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What employers need to know about offering pet insurance

[1]Pet insurance is on a growing list of benefits that employers may consider offering to make their overall benefit packages more enticing to existing and prospective employees. Pet insurance can cover expenses such as preventive care, accidents and illnesses, medications, and even emergency room care that can quickly become very costly to employees.

This benefit is typically offered on a fully voluntary basis, with employees paying the entire cost through after-tax payroll deductions. The employer facilitates the insurer’s access to employees and collects and remits premiums from employees who choose to participate.  If your company pays or contributes to the cost of the pet insurance, the value of the benefit would be fully taxable to employees under federal law because there is currently no federal income tax exclusion for pet insurance. Any federal tax withholding (including relevant employment taxes) would ordinarily be collected by reducing employees’ other pay. Your company could choose to “gross up” employees’ pay to cover the taxes due, but that would likely increase the cost and administrative burden of the benefit.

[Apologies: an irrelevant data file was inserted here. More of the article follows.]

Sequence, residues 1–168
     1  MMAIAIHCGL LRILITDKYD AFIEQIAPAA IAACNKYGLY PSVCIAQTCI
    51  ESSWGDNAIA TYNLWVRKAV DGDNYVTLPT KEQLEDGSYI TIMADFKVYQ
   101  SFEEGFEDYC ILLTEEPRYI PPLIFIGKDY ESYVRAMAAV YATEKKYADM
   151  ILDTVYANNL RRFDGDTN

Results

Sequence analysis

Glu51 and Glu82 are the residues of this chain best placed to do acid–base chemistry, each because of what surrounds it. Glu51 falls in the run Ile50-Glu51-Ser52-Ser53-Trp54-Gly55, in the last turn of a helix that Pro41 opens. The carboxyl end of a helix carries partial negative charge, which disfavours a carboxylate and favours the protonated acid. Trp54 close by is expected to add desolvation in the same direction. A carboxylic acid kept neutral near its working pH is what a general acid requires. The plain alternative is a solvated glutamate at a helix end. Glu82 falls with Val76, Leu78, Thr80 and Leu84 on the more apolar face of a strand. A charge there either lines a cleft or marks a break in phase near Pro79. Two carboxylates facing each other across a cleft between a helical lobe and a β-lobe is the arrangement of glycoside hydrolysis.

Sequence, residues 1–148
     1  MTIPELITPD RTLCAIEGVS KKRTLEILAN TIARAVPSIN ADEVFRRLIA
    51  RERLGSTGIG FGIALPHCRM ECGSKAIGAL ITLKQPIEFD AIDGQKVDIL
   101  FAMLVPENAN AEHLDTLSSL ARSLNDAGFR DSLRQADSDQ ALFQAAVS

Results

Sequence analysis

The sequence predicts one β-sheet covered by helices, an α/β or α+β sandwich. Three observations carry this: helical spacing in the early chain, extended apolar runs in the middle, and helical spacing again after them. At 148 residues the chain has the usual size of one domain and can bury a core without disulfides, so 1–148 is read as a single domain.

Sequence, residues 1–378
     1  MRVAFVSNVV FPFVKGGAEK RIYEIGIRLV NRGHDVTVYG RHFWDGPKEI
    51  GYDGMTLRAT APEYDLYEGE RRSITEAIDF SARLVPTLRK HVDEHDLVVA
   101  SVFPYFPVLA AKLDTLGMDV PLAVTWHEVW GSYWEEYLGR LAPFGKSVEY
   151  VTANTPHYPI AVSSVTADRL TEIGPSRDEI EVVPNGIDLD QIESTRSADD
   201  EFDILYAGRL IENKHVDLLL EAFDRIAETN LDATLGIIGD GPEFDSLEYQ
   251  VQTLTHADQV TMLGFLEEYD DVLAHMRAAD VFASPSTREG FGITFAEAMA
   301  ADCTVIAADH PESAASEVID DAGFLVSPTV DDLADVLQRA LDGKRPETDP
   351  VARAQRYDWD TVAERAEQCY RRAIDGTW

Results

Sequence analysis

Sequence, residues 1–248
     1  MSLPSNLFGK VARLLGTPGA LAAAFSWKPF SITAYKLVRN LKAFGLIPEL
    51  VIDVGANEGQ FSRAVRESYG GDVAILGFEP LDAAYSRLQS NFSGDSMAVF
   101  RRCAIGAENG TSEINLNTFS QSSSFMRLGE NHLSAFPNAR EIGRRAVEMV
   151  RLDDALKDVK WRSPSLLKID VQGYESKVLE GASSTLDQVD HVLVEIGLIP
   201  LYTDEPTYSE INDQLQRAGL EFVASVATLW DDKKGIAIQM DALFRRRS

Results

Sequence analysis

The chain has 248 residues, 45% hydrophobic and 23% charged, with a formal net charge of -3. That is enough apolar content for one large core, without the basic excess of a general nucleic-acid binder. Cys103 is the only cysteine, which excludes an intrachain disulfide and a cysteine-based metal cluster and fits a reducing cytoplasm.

Whenever your company offers a new benefit, you must determine whether the benefit is subject to ERISA. There is currently no guidance regarding ERISA’s potential application to pet insurance. While ERISA’s welfare benefit plan definition does cover medical, surgical, or hospital care or benefits, or benefits in the event of sickness, it seems doubtful that those terms encompass veterinary benefits. In any event, it appears that a pet could not be an ERISA beneficiary, as a pet would not be considered a “person” under ERISA.

For advice on the tax compliance requirements if you choose to offer pet insurance to employees, please contact your ShindelRock tax professional.   [2]